Director Susan Morgan Cooper’s reaction when she first heard about Justin Ross Harris and the death of Harris’ 22-month-old son Cooper in the back seat of his SUV was one of shock.
“I thought he was a monster,” she recalls, a sentiment many others shared. Yet after reading an article in The Washington Post about similar situations that have happened with other parents over the years — and deciding to make a movie about Harris in 2018 — she has come to a different conclusion. She now believes what happened was an accident.
Her documentary Fatal Distraction, also the name of Gene Weingarten’s 2009 Pulitzer Prize-winning Washington Post article, examines the Harris case. On the morning of June 18, 2014, after breakfast at a Chick-fil-A in Vinings, Justin Ross Harris drove to his job as a Home Depot web developer and left his child in his car all afternoon in a rear-facing car seat.
The case brought forth a lot of emotions. Some saw it is an accident, expressing that Harris adored Cooper. Others, including the police, looked at it from a different lens. Law enforcement was able to obtain 28 search warrants to comb through the Harris home.
At a probable cause hearing, a detective raised doubt about whether Harris showed enough emotion at the scene and suggested that the suspect has been researching children dying in hot cars. It was also later revealed that Harris had been sexting a number of women the day of Cooper’s death, including a 15-year-old girl.
Harris was eventually found guilty of all eight counts against him, including malice murder and felony murder charges, in late 2016 and was determined to life in prison without parole, as well as 32 years.
Going back and reading Weingarten’s article, however, left the filmmaker with the strong feeling that justice was not served.
“I was incredibly moved not just at how these parents suffered the tragic loss of their child but then afterwards are vilified by the public, the press and prosecution,” she says. She reached out to the subject of the article, Miles Harrison, whose 21-month-old son Chase died of a heat stroke in Harrison’s car seat.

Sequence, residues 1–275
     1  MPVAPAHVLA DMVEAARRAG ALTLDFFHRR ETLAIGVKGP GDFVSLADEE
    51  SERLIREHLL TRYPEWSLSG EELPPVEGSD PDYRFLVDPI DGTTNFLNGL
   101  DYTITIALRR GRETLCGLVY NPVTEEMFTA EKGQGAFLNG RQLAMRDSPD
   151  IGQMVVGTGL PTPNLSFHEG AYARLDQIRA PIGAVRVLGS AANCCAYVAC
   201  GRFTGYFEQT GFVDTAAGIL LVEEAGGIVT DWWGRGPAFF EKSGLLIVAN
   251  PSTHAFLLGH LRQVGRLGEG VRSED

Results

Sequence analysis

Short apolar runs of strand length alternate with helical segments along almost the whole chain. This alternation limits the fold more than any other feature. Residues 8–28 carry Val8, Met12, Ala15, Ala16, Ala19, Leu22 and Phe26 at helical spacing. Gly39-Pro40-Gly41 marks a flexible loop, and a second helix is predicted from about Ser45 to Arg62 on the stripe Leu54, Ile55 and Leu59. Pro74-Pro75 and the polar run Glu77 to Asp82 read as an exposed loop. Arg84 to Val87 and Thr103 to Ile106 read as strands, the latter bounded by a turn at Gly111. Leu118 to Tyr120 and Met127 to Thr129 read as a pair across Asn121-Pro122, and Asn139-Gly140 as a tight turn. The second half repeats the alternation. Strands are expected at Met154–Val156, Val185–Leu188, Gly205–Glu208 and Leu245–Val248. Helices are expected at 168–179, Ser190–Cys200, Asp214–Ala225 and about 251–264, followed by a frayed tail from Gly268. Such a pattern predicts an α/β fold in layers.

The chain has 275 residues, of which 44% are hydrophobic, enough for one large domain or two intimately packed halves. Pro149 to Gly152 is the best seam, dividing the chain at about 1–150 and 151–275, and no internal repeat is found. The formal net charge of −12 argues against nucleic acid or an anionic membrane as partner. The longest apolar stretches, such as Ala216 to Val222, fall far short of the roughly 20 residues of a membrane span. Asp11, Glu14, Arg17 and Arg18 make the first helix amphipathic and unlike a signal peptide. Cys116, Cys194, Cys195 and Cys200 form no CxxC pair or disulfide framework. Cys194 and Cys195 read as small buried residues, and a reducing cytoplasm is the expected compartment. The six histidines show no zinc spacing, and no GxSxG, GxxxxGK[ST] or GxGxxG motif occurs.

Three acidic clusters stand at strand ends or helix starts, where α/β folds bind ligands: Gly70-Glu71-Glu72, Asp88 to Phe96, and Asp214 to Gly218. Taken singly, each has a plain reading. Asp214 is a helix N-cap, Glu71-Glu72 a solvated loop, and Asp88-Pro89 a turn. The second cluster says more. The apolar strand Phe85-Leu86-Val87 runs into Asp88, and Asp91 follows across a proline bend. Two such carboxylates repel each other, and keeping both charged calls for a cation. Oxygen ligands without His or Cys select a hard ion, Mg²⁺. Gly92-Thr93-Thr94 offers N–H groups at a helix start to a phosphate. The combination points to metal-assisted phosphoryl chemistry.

In doing so, she became familiar with the phrase fatal distraction, which refers to a condition affecting short-term memory capacity.
“We lead such multi-tasking lives and we are very consumed by a lot of things,” Cooper says. “Young parents are sleep deprived so they are tired.”
Incidents like leaving a baby in a car can also occur when there is a change of routine, she says, such as Harris going for breakfast the morning of the death before he dropped his son off at daycare instead of after.
The director uses a lot of footage from the day of the event, the probable cause hearing and the trial itself. She also interviews Harris’ parents and lawyer, a behavioral neuroscientist, a legal analyst and other parents who have been in situations where they have left their child in a car. The most extensive interview, though, is with Harris’ wife Leanna Taylor, who some thought had conspired with her husband to kill Cooper.
Leanna details that experience in the film: “The conversation on social media went from ‘Oh, my God, I can’t believe they put him in jail’ to ‘Burn him at the stake immediately, and throw the wife in too because she’s as guilty as him.'”
Taylor was eventually fired from her job and moved out of state. She also filed for divorce.
Doing the interview with Taylor inspired the director to dig deeper. “She is an extremely intelligent person, but you would not have gotten that impression through the press reports. She was riveting. (She had this) total resolve even after everything that happened and was absolute in her conviction that Ross was an excellent father, that he loved that child absolutely.”